Of course Mukasey is on board with the Addington/Cheney UE; they won't be nominating anybody who is not. For the record, I still don't believe the Administration gives a rat's ass whether Mukasey is confirmed or not; and may, underneath it all, secretly hope that he is not confirmed. As to whether Mukasey is as reprehensible as Gonzales, I guess that is in the eye of the beholder. Gonzales was a weak cipher upon which the evils were imprinted. Mukasey is no cipher, he knows and has seen the trenches, and has no excuse for not knowing the pernicious effect of the the Bush policy and procedure set; yet appears willing to propagate the most questionable and evil parts. To my mind, that almost makes him worse than the ignorant little twit Gonzales that was in it only to serve Bush. Close call; I don't have much for either one quite frankly. As to whether the politicization will continue, we are late enough in the game that it might not matter. In spite of the losses they have been suffering lately, there are still an awful lot of seed pod assets firmly planted throughout the DOJ, and the Regent-phillic hiring authorities are still in place as far as I know (Monica was neither the original, nor the main one of these). There are only 15 months left, i am not sure Mukasey would have a great deal of impact even were he to be confirmed.

EW, I can't find my tin hat, so pardon me while I wear your's. It fits nicely, and I swear, I showered today.

If the President can decide that the 4th Amendment (which is what the FISA bill is all about) restricts his Constitutionally delegated responsibility to protect the nation, then what would stop him from deciding that the 22nd amendment also prevents him from saving the U.S. from the always imminent truly collosal islamofascist attack that will wipe out our way of life?

The biggest problem with Mukasey is that he jettisoned his independence (if not his integrity?) between the first day of his testimony and the second day of his testimony before the Senate Judiciary Committee. Between those two sessions, he obviously received a loud and clear message that if he did not change his tune and his tone, his nomination would be withdrawn.

It may be that Bush will refuse to appoint ANYONE as AG who insists on being independent. But if that is the case, the remedy is expedited impeachment proceedings of Bush & Cheney jointly, not accepting a nominee who has already hocked the family jewels for a mess of pottage!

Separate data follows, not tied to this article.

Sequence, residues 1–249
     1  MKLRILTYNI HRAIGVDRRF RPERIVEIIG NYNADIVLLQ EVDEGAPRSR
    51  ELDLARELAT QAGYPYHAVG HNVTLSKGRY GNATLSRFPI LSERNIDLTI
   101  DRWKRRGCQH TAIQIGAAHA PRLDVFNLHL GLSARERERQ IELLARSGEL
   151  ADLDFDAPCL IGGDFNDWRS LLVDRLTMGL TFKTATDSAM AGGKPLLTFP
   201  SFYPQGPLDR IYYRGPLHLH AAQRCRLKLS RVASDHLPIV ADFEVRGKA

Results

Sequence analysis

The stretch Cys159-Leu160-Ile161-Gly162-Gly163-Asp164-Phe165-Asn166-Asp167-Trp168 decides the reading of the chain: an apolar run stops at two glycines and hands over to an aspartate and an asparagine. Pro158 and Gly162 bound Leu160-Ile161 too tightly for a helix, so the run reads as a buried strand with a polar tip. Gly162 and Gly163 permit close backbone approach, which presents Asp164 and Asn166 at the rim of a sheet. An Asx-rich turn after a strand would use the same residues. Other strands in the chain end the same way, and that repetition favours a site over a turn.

hardheaded

That's what I understand. I wish I had seen the testimony--I was doing dayjob stuff. But I keep thinking about LHP's read that Mukasey was lobbying to get this appointment, which suggests he'd be susceptible to Cheney's, um, persuasions.

bmaz

Yes, like you, I'm not sure Bush much cares about AGAG. Though I do wonder who is certifying to FISA the wiretaps.

The biggest problem with Mukasey is that he jettisoned his independence (if not his integrity?) between the first day of his testimony and the second day of his testimony before the Senate Judiciary Committee. Between those two sessions, he obviously received a loud and clear message that if he did not change his tune and his tone, his nomination would be withdrawn.

It may be that Bush will refuse to appoint ANYONE as AG who insists on being independent. But if that is the case, the remedy is expedited impeachment proceedings of Bush & Cheney jointly, not accepting a nominee who has already hocked the family jewels for a mess of pottage!

ApacheTrout -- If the President can decide what is and isn't law, then the answer to your question would be that there is nothing, certainly not Congress, to stop him.

Adding to phred's comment, this is why KagroX's point is so well taken. And with Sibel Edmonds coming out with new overatures of testimony, gag order be damned, well Murkasy's cup runneth over.

Gonzo told Senator Feingold at the same confirmation hearing that his question about wiretapping was a "hypothetical," too. And when Feingold got Gonzo in front of him again to follow up on that, Feingold thought he had caught Gonzo in a lie: